AX: “There’s this old story about something called the Monkey King, and how he goes from being… he goes through all these trials and training, like Hercules and the twelve trials. He goes from this little monkey who goes through all these problems, solving some and causing others, he ends up achieving godhood and he’s the savior. He has a trusty staff that can expand in size. It was very special that we had to remember that he has 72 transformations. It’s him, a pig, and like a sage, and there’s a monk that all of them follow. A journey to the West. If you go west enough, further west, you’ll hit mount Olympus, or the equivalent of that: enlightenment. So they try and go to the West and everything. It was important that the monkey king had 72 transformations, his little brother had 36, and then his youngest brother had 18, it was very important that we remember that. So this Monkey King has a band around his head, it’s gold and it’s enchanted, so his monk, his master can chant something whenever he’s misbehaving and it’ll tighten around his head in punishment. So like as they journey to the west, he always has this headband on him, so when they finally reach the west and everything, Buddha takes off the golden band and replaces it with a halo to represent how he’s gone from being imprisoned from his thoughts to him being enlightened, above that. When it was on his head, it was in contact with his skin, but when it was replaced, it hovered slightly above it.”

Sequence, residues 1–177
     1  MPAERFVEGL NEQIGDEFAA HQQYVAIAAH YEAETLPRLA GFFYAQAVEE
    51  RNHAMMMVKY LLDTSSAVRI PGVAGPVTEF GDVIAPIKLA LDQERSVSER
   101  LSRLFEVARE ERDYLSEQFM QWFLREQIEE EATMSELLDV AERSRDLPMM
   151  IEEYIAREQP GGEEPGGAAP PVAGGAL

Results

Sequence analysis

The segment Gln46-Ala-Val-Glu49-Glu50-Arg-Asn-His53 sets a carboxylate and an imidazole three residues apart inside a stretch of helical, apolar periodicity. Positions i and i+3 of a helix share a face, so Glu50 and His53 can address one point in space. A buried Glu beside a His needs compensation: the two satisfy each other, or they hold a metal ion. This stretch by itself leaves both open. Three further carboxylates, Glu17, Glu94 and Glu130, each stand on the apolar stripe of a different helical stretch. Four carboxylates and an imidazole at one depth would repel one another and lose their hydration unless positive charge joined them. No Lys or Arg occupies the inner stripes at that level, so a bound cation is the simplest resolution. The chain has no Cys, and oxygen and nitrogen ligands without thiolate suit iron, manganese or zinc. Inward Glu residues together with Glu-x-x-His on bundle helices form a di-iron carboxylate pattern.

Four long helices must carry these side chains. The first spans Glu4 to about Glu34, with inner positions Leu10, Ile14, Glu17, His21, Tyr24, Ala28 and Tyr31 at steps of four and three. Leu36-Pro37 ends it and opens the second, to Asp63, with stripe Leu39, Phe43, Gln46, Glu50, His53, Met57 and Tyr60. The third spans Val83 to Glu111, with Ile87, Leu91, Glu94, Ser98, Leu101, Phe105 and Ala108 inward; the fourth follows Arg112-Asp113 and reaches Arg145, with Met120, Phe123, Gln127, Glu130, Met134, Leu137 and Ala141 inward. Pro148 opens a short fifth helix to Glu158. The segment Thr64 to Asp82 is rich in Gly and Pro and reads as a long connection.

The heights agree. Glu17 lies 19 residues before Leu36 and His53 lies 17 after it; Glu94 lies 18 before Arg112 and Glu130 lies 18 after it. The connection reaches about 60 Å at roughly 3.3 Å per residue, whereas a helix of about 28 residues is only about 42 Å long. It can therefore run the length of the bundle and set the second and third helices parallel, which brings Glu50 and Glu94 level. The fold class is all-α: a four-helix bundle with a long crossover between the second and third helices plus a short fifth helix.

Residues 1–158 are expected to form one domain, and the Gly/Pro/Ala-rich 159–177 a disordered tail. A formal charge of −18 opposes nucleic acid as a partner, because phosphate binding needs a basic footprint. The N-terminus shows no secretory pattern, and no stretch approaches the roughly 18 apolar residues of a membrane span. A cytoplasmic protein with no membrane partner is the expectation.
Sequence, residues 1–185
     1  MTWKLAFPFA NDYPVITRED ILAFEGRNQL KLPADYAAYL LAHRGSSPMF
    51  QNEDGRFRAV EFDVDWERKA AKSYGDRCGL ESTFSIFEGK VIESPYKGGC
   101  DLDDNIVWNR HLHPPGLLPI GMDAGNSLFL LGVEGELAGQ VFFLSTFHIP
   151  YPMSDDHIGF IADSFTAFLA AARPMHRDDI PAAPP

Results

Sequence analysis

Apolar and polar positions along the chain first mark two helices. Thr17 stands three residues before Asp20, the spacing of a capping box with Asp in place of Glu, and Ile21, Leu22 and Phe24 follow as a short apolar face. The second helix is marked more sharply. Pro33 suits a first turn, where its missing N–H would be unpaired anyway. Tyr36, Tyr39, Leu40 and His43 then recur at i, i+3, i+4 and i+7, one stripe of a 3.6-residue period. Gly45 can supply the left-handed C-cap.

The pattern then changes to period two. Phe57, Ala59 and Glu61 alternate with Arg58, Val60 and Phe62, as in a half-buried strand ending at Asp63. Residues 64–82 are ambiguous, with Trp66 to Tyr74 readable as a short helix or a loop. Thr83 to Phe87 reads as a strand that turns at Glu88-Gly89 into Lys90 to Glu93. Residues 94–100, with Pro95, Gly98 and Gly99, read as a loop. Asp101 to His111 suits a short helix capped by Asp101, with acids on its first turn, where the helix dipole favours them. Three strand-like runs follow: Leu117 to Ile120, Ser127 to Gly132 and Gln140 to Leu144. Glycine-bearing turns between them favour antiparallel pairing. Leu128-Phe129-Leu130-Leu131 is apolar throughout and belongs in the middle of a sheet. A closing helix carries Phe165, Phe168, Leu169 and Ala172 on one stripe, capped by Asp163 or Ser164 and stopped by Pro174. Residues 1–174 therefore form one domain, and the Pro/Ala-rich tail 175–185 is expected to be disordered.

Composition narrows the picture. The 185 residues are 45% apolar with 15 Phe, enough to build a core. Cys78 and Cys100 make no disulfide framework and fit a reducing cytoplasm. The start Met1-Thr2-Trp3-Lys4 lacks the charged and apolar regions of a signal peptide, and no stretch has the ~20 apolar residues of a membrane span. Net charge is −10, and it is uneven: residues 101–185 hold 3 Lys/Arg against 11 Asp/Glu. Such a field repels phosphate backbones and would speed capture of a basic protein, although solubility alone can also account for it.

Context: AX is a freshman at USC studying English—she’s a fellow student in our folklore class and knows the material well. She grew up in Chino, a small suburb outside of Los Angeles. She’s of Asian descent.
AX: “My mom always called me her little monkey king, and would threaten me. Don’t make me put a red band around your head! Like, yes ma’am. I cannot misbehave!”
Analysis: The Monkey King is a common story, common enough for me, a white Californian, to have heard of it. Right off the bat, she compared her story to Hercules and the twelve trials. In Western society, Hercules is more commonly known, partially due to academic emphasis on Greek/Roman mythology and the popular Disney movie Hercules. AX’s childhood in California may have resulted in this association, almost a need to preface with a comparison to Western culture. I wonder if AX’s knowledge of the folklore class impacted her interpretation. The numerology of the story itself is interesting, especially since AX knew they were important but didn’t know what they mean. All of the numbers AX said are multiples of 2, 3, 6, and/or 8, which are all lucky numbers in China. And, of course, each is a multiple of the other. 18 times 2 is 36, and 36 times 2 is 72. 72 in particular is frequently used in Chinese folklore, occurring across a vast number of stories, and it’s the base of calculation in the ancient Chinese calendar.